Friday, April 22, 2022

Post Hoc Rationalisation

Perhaps I should say immediately post hoc rationalisation, or as-quick-as-thought rationalisation, those things that we justify in some way as soon as our desire becomes conscious. 

I was listening to Patrick Wyman talk about the culture-historical method of archaeology and of understanding the past. He of course had to mention right out of the gate Nazis! to warn people away from going anywhere near that cliff or anywhere even in sight of that cliff.  (Other cliffs, over which more people have fallen, remain unmentioned as usual.) So yeah, I get it.  Don't be like them.  I think I've heard that like - all my life. I digress. The association being offered was that this method of associating culture and ethnicity leads to evil thinking about what ourselves and others are like, and then to evil actions.

Digression continued: The focus should be on the fact that is an unreliable method of identifying culture from ethnicity or ethnicity from culture, with America being a great current example.  People from widely different genetic backgrounds have similar language, material culture, and customs here. It is good to keep that in mind when looking at archaeological material, whether humans or objects. Don't assume they all used these objects - some may be prestige imports obtained for the rulers in trade - nor that they spoke the same language. People often speak two or more languages and use them in different circumstances. This was true then and now. On the other hand, it's place to start looking. If you uncover graves 200 miles west of a culture which has written records in language A, a distinctive type of pottery, and a ruling elite with R1a y-haplotype, and your newly discovered group also has R1a y-haplotype, something close to language A should be your tentative hypothesis. Now that we know that migration does occur more than was credited fifty years ago, theories related to the disfavored one are coming back. (Just don't be a Nazi, got it!?  I hear they are just everywhere these days.)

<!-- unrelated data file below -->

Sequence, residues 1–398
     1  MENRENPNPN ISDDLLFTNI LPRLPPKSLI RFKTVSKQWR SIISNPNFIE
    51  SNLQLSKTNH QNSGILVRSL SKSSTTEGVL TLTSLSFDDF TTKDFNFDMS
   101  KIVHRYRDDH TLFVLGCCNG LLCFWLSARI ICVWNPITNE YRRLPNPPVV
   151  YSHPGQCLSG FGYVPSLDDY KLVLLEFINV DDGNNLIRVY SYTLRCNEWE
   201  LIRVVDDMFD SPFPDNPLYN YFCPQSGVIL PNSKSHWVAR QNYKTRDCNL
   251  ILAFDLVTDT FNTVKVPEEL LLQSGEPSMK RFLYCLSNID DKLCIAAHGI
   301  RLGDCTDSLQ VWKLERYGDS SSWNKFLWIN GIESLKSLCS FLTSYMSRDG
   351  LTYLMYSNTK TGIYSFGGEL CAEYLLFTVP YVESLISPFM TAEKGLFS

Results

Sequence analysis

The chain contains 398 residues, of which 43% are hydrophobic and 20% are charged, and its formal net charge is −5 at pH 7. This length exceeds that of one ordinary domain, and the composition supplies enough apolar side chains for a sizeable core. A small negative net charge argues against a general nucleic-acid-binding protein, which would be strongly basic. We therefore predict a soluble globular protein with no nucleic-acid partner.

So the idea is that this sort of thinking leads people to do bad actions. We tend to do this about all groups. There has been a great deal of discussion recently about why Russians act like they do, and before that it was why all those largely-Muslim people from the Middle-East act as they do, and why Americans expanded westward, and why Christians went to war against pagans, and then other Christians. It seems the only thing to talk about in attempting to understand the world.